11 Sep ESSEX COUNTY EXECUTIVE DIVINCENZO HOSTS 14TH ANNUAL SEPTEMBER 11TH REMEMBRANCE Essex Remembers Ceremony Recognizes the Lives Lost and Tragic Events of September 11, 2001

West Orange, NJ – Essex County Executive Joseph N. DiVincenzo, Jr. hosted “Essex County Remembers,” a solemn ceremony at the Essex County Eagle Rock September 11th Memorial that marked the 14th anniversary of the tragedies in New York, Washington, DC, and Pennsylvania.

“After the attacks, people spontaneously came to Eagle Rock Reservation to view the tragedy unfold at the Twin Towers and leave cards, letters, photos and flowers in an impromptu memorial in honor of their loved ones. I knew immediately that this was the natural location for a memorial because of the public attraction to this site and the unparalleled view of the World Trade Center from the lookout area,” DiVincenzo said. “Our September 11th Memorial is a special place for people to come for solace and comfort because of its unique location and its powerful message of peace and hope,” he noted.

“We must never forget the importance of this day and remember all those who lost their lives. I encourage everyone to take time out of their day to mark the 14h anniversary of September 11th and visit this revered site,” the County Executive said.

Lt. Governor Kim Guadagno told the audience that they cannot overlook the fact that the attacks were a criminal act and that we should remain committed to “remembering those who lost their lives that day and those who are dying today. We hope that sense of loss is not in vain,” she noted.

“Whether you lost a family member or friend, all of our lives were changed. Today we are still grieving the people no longer with us and because of today we will continue to remember them,” said Susan Rossinow, whose husband Norman lost his life in the attacks on the World Trade Center.

“When you experience severe loss, the brain replays every single moment. It lends perspective and reminds us that we need to celebrate the individuals we lost and live in their legacy,” NJ State Senator Teresa Ruiz said.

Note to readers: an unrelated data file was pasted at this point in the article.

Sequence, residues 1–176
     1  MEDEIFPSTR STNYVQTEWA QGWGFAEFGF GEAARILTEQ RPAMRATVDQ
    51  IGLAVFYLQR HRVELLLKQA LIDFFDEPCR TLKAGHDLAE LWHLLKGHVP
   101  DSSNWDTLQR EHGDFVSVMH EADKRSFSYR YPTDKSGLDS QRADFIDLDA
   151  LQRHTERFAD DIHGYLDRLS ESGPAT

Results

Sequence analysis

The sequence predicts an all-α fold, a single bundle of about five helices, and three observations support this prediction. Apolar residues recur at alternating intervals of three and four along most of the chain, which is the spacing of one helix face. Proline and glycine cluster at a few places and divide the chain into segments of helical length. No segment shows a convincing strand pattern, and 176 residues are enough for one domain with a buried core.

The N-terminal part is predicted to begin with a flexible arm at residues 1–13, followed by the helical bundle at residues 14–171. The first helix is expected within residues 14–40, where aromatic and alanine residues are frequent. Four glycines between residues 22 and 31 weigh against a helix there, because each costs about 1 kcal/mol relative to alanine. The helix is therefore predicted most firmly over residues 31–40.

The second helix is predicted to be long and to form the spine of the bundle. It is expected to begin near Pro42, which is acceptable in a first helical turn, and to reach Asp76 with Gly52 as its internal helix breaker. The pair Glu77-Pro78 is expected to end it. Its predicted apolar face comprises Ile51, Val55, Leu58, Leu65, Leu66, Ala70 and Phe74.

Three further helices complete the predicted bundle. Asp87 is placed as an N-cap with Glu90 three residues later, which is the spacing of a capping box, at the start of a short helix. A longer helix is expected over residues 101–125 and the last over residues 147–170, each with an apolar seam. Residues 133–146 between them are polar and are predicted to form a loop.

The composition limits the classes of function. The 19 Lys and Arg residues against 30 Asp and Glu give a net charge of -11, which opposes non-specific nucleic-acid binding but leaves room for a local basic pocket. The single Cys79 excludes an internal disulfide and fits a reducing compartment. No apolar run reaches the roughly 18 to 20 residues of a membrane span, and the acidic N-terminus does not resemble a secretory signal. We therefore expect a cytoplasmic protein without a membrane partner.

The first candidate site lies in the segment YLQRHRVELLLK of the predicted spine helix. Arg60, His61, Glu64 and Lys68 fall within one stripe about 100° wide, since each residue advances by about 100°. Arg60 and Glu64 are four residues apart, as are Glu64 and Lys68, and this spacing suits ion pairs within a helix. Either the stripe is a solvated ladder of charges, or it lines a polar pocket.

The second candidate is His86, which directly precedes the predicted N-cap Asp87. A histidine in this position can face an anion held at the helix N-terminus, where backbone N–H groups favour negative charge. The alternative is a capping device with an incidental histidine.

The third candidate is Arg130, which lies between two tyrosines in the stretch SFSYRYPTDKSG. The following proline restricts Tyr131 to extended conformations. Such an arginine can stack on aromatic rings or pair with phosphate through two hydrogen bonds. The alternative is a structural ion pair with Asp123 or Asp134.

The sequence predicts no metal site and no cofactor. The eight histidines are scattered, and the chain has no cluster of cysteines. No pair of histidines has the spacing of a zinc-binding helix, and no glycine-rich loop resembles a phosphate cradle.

“Because of that horrific event, we will forever wonder what potential could have been fulfilled by the lives lost. It reminds us as we go about our daily tasks that we should be thankful about the sanctity of life,” former Assembly Speaker Sheila Oliver said.

Freeholder President Britnee Timberlake rhetorically asked where everyone was that day. “Of course we all remember because of the tragedy,” she said.

“As law enforcement officers, we know that at some point we will be required to run toward the danger instead of run away. After 14 years, we are still here to reassure you that you are still as safe as you were before this horrible event,” Sheriff Armando Fontoura said.

United Flight Attendant Deborah Calimano noted that the response of flight crews during airplane accidents is rarely mentioned in media reports, “so at least every September 11th we get the opportunity to be recognized.” Calimano worked with the County Executive to create the Flight Crew Memorial, which recognizes the 33 pilots and flight attendants who lost their lives in the attacks.

A brief program with family members who lost a loved one in the tragedies, elected officials and clergy members from diverse religious faiths will be held at 8 a.m. Memorial wreaths will be laid at the monument and a new American flag will be raised. A string quartet will perform reverent selections of music at the memorial site after the ceremony until 2 p.m.

The Essex County Eagle Rock September 11th Memorial was dedicated in October 2002, just over a year after the attacks. Its many elements pay tribute to the men and women, police officers, firefighters and other first responders who lost their lives at the World Trade Center, the Pentagon, in Pennsylvania and aboard the four airplanes that crashed that day. It was the only 9/11 memorial to list all 3,000 victims’ names until 2011 when the World Trade Center Memorial was dedicated. In 2009, the Essex County 9/11 Memorial was expanded to include a monument honoring the 33 flight crew members aboard the four airplanes that crashed. In 2011, a 7,400-pound steel and concrete artifact from the World Trade Center foundation was installed at the site and a bronze plaque was dedicated to honor emergency medical technicians who responded to Ground Zero and those who provided aid to people returning from New York across the Hudson River.


Anthony Puglisi


Lauren Shears